Dollarhide v. Gunstream

Annotate this Case

233 P.2d 1042 (1951)

55 N.M. 353

DOLLARHIDE v. GUNSTREAM.

No. 5416.

Supreme Court of New Mexico.

July 18, 1951.

Garland & Sanders, Las Cruces, for appellant.

W.C. Whatley, W.B. Darden, L.E. Oman, all of Las Cruces, for appellee.

COMPTON, Justice.

Appellant instituted suit for damages for the wrongful death of her husband resulting in an automobile collision. The jury found the issues in favor of appellee. From an order denying her motion to vacate the judgment and grant a new trial, she appeals. Neither negligence nor contributory negligence is an issue.

The alleged errors are: (a) that the instructions were sent to the jury room without the request of either party to the case; (b) unauthorized communications between court and jury; and (c) improper cross-examination of appellant.

We briefly summarize the proceedings. The cause was submitted to the jury on an amended complaint, amended answer and reply. At the close of the case and before the jury retired to deliberate, the court announced that it was sending the pleadings, instructions and exhibits in writing to the jury room. Thereupon, appellant's counsel objected stating that in his opinion it would be prejudicial error to send photographs to the jury room; whereupon, the court announced that photographs (of vehicles) would not be sent. The court then started to deliver the remaining papers to the jury and appellant's counsel again objected, stating that he believed that it would be like error to permit photostat copy of the deceased's birth certificate to go to the jury room. In response the court again announced that such copy would not be sent to the jury room. Without further objections the pleadings, instructions and verdict were handed by the court to the jury as it retired to consider the case. Shortly after the verdict was returned, appellant's counsel examined the case file and found that it contained the mentioned pleadings, also appellee's superseded answer, all fastened together in some manner.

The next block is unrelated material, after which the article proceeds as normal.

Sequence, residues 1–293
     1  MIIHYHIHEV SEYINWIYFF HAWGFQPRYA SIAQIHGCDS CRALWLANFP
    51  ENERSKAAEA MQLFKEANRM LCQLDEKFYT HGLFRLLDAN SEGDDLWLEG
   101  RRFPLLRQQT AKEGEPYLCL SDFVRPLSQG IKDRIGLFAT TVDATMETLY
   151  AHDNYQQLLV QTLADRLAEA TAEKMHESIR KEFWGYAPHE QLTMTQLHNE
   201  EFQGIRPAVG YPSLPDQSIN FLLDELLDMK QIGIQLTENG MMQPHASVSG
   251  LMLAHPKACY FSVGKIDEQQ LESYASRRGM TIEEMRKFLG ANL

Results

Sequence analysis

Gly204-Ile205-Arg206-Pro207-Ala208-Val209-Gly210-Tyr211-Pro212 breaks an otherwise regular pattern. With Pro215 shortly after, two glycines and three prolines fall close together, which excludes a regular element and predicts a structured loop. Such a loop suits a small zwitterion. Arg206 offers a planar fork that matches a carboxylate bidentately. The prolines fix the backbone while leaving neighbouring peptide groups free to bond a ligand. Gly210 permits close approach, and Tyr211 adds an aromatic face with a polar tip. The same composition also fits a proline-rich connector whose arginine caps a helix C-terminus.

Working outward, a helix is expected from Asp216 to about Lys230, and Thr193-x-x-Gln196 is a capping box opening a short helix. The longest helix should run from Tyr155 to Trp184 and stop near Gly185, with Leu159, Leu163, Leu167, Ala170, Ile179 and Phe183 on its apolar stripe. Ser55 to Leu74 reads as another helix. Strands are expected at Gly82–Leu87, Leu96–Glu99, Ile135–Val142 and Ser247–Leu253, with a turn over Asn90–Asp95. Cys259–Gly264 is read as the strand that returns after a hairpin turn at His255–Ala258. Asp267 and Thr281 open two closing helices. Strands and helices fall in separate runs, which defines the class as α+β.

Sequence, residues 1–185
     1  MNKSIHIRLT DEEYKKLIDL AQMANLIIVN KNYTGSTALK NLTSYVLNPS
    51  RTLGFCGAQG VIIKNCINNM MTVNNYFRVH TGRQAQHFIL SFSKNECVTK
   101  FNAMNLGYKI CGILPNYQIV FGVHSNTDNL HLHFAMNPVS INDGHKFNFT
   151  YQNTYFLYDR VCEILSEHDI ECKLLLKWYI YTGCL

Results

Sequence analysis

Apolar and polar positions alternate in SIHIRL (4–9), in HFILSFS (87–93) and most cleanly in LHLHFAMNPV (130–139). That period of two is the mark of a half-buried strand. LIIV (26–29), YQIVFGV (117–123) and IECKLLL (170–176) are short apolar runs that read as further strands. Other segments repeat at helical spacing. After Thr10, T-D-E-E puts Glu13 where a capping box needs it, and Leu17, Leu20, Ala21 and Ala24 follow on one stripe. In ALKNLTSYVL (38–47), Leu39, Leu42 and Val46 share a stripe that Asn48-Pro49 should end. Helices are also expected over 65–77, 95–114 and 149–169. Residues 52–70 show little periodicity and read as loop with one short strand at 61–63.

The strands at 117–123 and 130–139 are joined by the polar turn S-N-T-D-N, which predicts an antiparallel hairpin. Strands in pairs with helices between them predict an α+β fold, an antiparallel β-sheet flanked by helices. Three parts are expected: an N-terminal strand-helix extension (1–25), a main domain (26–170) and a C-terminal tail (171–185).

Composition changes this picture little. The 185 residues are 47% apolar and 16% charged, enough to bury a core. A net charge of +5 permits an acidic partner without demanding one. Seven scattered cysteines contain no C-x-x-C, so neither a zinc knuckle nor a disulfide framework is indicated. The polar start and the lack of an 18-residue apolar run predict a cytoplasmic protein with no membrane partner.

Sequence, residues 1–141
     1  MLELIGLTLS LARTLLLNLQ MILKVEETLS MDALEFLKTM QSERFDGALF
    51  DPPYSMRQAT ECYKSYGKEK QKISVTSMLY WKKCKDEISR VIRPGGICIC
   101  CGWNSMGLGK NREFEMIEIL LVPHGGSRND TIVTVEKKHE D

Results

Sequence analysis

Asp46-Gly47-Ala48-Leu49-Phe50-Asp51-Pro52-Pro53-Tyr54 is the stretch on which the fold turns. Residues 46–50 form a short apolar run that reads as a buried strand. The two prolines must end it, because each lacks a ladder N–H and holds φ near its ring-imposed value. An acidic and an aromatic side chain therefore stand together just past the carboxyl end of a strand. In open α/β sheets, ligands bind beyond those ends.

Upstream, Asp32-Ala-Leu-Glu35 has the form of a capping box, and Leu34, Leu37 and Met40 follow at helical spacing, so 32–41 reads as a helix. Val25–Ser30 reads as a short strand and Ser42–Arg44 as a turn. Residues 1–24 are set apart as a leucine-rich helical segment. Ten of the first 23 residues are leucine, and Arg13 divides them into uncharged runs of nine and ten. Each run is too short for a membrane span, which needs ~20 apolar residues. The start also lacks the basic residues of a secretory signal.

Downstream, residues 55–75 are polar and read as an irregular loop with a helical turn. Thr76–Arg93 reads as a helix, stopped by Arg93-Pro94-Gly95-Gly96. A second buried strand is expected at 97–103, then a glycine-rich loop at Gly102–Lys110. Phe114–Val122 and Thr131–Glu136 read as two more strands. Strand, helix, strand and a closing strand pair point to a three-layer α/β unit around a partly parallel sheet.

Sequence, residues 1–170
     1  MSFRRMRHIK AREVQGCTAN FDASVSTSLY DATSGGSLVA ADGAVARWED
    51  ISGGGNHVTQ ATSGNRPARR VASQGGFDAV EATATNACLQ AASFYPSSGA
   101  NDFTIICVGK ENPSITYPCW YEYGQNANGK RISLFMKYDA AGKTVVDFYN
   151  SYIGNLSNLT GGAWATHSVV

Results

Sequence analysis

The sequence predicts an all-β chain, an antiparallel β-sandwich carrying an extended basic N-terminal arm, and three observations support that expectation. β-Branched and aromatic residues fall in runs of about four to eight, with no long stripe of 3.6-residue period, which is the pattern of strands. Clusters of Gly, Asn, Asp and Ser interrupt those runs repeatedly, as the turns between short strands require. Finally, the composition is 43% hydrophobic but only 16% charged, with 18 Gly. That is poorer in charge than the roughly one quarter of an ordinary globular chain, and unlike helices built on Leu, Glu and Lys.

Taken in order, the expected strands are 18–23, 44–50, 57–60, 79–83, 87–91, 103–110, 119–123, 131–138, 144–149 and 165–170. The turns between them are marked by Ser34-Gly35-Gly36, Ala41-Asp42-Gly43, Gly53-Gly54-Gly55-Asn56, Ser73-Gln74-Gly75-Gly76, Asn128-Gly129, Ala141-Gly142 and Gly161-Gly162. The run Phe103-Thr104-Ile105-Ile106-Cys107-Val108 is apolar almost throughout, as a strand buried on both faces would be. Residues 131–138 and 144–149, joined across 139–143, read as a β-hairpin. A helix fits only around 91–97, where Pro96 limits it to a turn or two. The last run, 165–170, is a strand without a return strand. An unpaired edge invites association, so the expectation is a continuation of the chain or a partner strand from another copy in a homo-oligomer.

*1043 Section 19-101, 1941 Comp., Rule (51) (c), our Rules of Civil Procedure, provides: "The instructions given, whether as requested or of the court's own motion, shall be in writing, unless written instructions be waived by the parties. Except where instructions, whether oral or written, are waived, the judge in all cases shall charge the jury before the argument of counsel. Upon request of either party the written instructions shall be permitted to go to the jury room." (Emphasis ours.)

Appellant relies upon State v. Beal, 48 N.M. 84, 146 P.2d 175. But the case is not regarded as authority for the question presented. In that case certain exhibits were sent to the jury room after the jury had retired and without the knowledge or consent of the defendant or his counsel and were actually considered by the jury in arriving at its verdict. In the instant case appellant's counsel was present, participated in the proceedings, and objections for the first time were made on motion for a new trial. It would therefore appear that the error complained of, if not invited, was waived. Errors of the trial court cease to be such in the appellate court if invited or waived. Cunningham v. Springer, 13 N.M. 259, 82 P. 232. As we view the proceedings, the conduct of the parties before the trial court is equivalent to a request that the instructions be sent to the jury room.

It is next claimed that sending the original answer to the jury room amounted to a communication between the court and jury. The original answer alleges that the deceased, at the time of the collision and immediately prior thereto, was intoxicated and that the accident was the result of his intoxicated condition. The allegations in this respect are:

"3. That defendant is further informed and now believes that the said John F. Dollarhide at the time of the collision and immediately prior thereto was so intoxicated by indulgence in strong drink that he was to all intents and purposes unconscious and was not capable of driving and operating a motor vehicle on the highways, and that his intoxicated condition rendered him oblivious to traffic on the highway and to the rights and safety of others lawfully using the same.